Al Fresco dining in the Arctic


Dinner in the cockpit at 9pm arctic time! 

After 6 days sailing on our first Lofoten Islands trip Rich said ‘I like it here, I’m glad we came!’

I’m not surprised.  We sailed 240 miles, visited 10 picturesque harbours and anchorages, were chased by a pod of killer whales, watched majestic sea eagles soaring in the sky, anchored in tiny coves next to white sandy beaches, motored between towering cliffs down the majestic trollfjord, dined in the cockpit 3 evenings, watched the sun dip behind a hill just before midnight and enjoyed ourselves in the good company of our guests.

The weather makes any trip, and to be perfectly honest it was miserable on the day Liz and Dave joined.  The forecast suggested that there would be less rain on the Lofoten side of Vesteralen, and that the wind would veer round to the west, so it made sense to go for a long sail on the first day and get ourselves west to Reine.  Although it was dull, the rain held off and the wind was steady so we had a fast sail often reaching at 8 knots. 

We had a second fast sail the second morning to Nusfjord, a tiny pretty little place, nestled in a narrow fjord.  We tied alongside a 72’ ex challenge yacht now called Polar Bear, and discovered that I had taught the owner and the skipper to sail in 1991, what a small world.  Polar Bear used to be called Aviva, and is probably remembered as the boat that Dee Caffari sailed single handed around the world in 2002. 

It is always great to meet other yachtsmen and share knowledge.  I spent a long time talking to the guys from Polar Bear, who had also spent last season up north and they told me of a fantastic anchorage with sea eagles in Lille Molle.  We tried it later in the week  and they were right!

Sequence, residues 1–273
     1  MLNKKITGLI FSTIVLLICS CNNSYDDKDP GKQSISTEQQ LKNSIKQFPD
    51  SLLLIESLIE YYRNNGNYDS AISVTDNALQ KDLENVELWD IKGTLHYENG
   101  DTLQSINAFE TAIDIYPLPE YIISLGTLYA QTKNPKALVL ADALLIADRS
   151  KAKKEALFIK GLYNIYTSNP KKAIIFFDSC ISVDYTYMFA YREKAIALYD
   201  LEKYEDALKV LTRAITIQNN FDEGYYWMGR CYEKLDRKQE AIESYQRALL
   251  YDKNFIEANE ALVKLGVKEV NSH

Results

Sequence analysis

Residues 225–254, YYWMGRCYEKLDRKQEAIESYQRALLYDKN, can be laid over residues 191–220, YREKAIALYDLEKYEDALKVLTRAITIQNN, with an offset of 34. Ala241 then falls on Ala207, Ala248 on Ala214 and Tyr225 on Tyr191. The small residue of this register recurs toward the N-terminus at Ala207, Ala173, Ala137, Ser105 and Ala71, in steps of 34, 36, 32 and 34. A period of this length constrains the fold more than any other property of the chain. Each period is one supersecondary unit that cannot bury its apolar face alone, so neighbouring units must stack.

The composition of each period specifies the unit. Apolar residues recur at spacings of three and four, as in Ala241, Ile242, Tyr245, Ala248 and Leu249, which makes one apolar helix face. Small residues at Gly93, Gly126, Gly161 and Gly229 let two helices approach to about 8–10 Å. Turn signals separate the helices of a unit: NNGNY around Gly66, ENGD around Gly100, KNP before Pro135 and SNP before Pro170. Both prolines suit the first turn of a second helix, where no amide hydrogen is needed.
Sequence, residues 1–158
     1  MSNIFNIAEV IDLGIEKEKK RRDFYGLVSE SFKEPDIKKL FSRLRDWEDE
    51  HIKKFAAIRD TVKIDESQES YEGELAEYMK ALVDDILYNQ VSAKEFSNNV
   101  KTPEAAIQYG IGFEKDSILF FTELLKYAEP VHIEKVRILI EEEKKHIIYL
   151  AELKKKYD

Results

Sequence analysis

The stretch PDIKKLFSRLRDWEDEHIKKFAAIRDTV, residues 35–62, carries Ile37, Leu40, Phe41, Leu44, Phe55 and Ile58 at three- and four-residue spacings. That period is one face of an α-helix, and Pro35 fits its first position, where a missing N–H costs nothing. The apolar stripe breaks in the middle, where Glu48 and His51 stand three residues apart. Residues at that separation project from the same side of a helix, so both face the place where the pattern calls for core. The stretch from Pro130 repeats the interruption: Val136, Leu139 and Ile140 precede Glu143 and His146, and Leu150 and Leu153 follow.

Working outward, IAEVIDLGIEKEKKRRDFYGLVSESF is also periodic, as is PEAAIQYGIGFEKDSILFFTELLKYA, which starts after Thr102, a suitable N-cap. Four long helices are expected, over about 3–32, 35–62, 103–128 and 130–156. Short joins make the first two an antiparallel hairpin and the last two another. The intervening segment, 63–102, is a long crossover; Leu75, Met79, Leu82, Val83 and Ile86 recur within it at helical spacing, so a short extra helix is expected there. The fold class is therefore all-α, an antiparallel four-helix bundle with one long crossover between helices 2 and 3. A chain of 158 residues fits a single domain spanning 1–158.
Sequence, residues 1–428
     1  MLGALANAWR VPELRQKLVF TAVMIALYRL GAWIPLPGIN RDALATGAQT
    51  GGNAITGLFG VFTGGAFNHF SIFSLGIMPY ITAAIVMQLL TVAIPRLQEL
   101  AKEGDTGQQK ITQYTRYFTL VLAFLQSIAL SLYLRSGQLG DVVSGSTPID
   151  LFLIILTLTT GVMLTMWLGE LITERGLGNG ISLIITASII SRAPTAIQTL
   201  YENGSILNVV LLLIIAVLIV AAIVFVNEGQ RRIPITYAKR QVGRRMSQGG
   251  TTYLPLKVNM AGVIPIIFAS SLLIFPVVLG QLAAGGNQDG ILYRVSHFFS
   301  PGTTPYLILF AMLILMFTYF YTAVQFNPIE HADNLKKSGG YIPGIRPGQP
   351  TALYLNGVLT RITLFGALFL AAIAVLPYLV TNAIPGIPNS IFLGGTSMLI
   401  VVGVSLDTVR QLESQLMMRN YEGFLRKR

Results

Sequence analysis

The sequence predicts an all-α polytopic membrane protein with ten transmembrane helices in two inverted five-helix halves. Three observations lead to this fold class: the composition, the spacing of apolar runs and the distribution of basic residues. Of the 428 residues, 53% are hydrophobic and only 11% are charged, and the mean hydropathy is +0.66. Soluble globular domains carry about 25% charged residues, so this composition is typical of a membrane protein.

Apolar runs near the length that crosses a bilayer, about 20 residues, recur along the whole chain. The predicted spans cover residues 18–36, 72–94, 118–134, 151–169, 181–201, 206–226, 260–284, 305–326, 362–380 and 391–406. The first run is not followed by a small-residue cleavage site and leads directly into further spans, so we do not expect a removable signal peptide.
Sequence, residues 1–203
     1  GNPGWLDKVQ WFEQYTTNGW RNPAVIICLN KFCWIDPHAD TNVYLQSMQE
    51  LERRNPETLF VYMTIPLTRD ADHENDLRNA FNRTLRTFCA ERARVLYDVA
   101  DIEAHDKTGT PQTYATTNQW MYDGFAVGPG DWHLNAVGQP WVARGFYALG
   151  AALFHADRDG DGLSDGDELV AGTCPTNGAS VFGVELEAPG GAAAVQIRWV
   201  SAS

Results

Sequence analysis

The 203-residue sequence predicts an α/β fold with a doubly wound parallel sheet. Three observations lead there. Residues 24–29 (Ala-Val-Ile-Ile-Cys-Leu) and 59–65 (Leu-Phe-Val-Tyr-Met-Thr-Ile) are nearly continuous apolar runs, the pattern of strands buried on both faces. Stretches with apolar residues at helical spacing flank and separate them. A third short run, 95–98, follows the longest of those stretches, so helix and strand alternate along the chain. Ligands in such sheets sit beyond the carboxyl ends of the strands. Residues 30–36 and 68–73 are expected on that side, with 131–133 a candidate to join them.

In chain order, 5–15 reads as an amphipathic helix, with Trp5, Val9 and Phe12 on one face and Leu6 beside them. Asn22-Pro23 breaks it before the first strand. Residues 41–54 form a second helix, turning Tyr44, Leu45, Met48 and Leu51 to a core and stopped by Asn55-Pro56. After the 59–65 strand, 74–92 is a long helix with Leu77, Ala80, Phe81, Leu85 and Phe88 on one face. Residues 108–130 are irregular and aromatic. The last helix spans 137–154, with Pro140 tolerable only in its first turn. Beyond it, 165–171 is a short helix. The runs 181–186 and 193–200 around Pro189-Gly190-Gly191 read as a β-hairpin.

It was certainly the right decision to sail clockwise around the coastline.  The wind veered daily and allowed us to sail on a beam reach most of the time.  Our pattern became early breakfast, sail in the morning and stop mid afternoon. Walk ashore and explore a bit before  meandering amongst skerries to an evening anchorage.  Dinner was often quite late at 9pm, but still in bright sunshine.  After the first day, the skies cleared, the sun came out and we had temperatures in the 20’s.  The locals assure us that it does get even warmer. Whilst sitting in T shirts it is hard to believe we are in the Arctic although no one has been brave enough to swim yet; Rich and David went paddling to land the dinghy on a beach, bracing !


All of the places we visited were picturesque, but different, varying from tiny fishing villages nestled amongst high mountains on the Lofoten islands side to low islands with green pastoral fields and lots of trees the mainland side.  There is so much choice of where to go that deciding where to go is often the hardest part of the day.  Rich and I spend hours pouring over the charts and the pilot books looking for options, and then making final decisions based on the current wind and predicted wind to ensure best shelter. Although there are two pilot books in English, they are written for boats a bit smaller than us and often talk about anchorages that are only 2 m deep – not good when we need 2.4m, so we are also using the Norwegian equivalent of an Admiralty pilot book for big ships called Den Lorske Nos, it is a great book with chartlets and pictures, but is only in Norwegian, so our small dictionary is quickly becoming well thumbed.  Luckily the text is fairly repetitive as regards vocabulary for harbours, so it is not too tiresome.

We’re full for the next two trips, but still have 2 places left for the last Lofoten Islands trip.  Why not join us and enjoy a fantastic Arctic experience.  It really is spectacular.